HubSpot Hits $100M Raised, Moves Closer to IPO (or Acquisition)

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marketing cluster in Boston that includes established firms like Constant Contact (NASDAQ: CTCT), Demandware (NYSE: DWRE), Brightcove (NASDAQ: BCOV), and Unica (now part of IBM).

While the region’s tech companies dominated the minicomputer industry a few decades ago, he says, they missed the PC revolution, lost their lead in networking, and are starting to lose the greater enterprise software game—all to Silicon Valley. “I see a chance to dominate the technical marketing industry,” he says. “What’s really going to piss me off is if Silicon Valley beats us at our own game.”

As Halligan explains, the traditional Madison Avenue approach to marketing is in decline. So there’s a huge opportunity to innovate in the sector. “You have to match the way humans really buy stuff,” he says, meaning (increasingly) online and mobile. To that end, HubSpot wants to be the dominant force in next-generation online marketing.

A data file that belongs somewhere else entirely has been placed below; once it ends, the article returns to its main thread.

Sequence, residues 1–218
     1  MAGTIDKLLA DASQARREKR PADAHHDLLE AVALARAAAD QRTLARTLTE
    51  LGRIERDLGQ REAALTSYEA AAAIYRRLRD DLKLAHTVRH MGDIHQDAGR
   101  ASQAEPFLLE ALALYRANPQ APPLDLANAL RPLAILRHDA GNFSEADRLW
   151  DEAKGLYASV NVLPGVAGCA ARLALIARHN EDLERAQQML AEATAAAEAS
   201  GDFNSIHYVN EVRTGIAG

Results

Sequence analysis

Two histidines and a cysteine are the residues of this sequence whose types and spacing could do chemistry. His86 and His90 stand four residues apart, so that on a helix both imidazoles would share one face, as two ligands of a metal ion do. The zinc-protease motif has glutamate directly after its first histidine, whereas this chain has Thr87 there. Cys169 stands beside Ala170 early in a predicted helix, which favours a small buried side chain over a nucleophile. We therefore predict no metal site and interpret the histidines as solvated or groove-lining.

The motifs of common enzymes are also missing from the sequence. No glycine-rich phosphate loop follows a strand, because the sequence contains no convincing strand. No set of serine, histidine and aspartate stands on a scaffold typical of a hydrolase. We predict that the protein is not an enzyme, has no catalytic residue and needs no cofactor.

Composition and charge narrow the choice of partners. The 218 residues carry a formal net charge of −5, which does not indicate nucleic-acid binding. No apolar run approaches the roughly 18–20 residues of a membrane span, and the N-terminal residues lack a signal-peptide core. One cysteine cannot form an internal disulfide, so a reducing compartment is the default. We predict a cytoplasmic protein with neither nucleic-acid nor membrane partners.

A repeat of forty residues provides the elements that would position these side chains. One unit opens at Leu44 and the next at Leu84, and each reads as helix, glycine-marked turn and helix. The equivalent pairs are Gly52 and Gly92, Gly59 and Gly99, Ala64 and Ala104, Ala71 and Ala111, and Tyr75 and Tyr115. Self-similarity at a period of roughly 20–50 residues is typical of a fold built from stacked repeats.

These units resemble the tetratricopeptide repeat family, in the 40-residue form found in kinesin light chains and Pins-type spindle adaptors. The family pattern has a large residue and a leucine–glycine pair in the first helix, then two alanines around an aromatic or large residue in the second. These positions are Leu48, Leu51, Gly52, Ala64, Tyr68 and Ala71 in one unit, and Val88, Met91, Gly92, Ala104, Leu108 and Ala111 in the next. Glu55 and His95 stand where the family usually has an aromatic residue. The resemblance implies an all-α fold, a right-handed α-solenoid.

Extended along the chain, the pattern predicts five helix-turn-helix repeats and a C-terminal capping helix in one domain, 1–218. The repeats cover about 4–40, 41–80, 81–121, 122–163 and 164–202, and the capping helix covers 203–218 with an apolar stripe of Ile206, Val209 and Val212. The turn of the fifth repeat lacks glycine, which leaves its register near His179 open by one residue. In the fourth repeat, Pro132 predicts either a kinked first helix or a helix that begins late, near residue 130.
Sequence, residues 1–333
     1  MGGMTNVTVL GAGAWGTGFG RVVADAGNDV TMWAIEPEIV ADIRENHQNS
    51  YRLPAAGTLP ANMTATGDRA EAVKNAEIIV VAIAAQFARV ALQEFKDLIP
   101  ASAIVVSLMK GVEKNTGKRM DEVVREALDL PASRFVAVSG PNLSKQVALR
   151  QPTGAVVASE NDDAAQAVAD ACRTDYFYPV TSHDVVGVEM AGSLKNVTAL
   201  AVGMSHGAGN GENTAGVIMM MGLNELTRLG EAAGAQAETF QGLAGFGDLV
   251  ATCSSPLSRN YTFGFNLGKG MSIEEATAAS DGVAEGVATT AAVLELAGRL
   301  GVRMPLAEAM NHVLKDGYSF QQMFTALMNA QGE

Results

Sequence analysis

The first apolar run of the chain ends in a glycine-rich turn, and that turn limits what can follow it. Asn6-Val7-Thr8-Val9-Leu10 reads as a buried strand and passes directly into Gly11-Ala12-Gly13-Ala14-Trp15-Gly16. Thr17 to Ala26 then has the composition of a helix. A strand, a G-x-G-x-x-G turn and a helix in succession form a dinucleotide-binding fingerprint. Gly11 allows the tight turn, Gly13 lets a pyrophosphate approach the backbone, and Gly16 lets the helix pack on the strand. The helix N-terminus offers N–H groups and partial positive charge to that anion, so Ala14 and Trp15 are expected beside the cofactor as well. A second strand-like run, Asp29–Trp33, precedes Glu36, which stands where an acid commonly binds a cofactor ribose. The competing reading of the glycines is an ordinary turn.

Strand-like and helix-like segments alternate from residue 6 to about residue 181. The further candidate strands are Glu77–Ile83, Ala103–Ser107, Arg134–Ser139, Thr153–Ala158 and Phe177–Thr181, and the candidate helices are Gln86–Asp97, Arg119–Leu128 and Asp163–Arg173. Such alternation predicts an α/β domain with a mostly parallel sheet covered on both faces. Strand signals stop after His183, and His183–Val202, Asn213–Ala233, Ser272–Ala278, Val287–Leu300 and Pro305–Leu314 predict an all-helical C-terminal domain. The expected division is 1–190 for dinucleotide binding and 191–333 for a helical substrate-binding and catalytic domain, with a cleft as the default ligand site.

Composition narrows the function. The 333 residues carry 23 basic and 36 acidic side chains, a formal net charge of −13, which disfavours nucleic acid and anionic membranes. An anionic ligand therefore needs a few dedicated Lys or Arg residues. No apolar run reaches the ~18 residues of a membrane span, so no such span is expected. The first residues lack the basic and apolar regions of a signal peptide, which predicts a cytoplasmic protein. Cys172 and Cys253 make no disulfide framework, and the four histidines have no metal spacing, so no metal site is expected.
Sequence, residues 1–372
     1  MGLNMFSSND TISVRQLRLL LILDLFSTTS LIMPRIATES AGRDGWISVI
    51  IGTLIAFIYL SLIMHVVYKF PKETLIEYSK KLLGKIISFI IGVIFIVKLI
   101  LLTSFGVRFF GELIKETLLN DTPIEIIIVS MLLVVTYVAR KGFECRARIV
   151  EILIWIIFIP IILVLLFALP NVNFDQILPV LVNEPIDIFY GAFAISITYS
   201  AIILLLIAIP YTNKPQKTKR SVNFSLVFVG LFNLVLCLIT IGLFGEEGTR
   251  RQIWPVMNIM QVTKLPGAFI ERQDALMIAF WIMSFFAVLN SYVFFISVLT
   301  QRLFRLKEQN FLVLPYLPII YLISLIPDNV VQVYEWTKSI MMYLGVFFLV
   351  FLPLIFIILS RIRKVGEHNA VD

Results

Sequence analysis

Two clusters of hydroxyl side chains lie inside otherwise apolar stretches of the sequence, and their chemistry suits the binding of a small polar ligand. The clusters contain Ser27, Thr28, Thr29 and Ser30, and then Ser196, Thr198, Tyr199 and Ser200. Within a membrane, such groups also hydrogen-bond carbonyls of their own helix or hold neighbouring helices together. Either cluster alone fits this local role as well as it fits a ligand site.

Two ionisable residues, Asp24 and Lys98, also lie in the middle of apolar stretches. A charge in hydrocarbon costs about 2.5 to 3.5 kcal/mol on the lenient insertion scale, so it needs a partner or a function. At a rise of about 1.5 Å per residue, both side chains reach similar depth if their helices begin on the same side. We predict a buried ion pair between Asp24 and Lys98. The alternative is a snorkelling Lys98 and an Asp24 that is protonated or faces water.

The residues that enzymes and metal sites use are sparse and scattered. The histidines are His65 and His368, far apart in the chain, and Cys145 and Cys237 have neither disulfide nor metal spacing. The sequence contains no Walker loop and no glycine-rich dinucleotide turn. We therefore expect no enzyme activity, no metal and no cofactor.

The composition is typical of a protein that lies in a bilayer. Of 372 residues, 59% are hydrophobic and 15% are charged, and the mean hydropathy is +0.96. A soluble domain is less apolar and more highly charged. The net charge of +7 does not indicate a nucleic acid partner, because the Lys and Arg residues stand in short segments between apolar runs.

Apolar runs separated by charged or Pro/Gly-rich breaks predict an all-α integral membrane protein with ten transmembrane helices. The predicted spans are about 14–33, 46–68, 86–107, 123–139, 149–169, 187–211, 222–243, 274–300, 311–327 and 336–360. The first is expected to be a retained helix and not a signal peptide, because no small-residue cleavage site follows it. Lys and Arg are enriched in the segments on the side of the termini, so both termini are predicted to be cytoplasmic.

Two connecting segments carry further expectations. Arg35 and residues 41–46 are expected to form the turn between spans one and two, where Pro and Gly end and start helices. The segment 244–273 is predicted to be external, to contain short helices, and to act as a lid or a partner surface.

It’s debatable whether the company has to go public to do that. Halligan says there are a couple of reasons why it would want an IPO: liquidity for employees and investors, and to “use the currency to do stuff.” But that must be balanced against the regulatory pains of going public.

In the meantime, the company and its board would presumably entertain any serious acquisition offers—but the price of HubSpot just went up.

As for the timing of an IPO, Halligan says, “We could file now if we wanted.” But the company will most likely wait for another year or so, he says. “We want to go public, but our hair is not on fire.”

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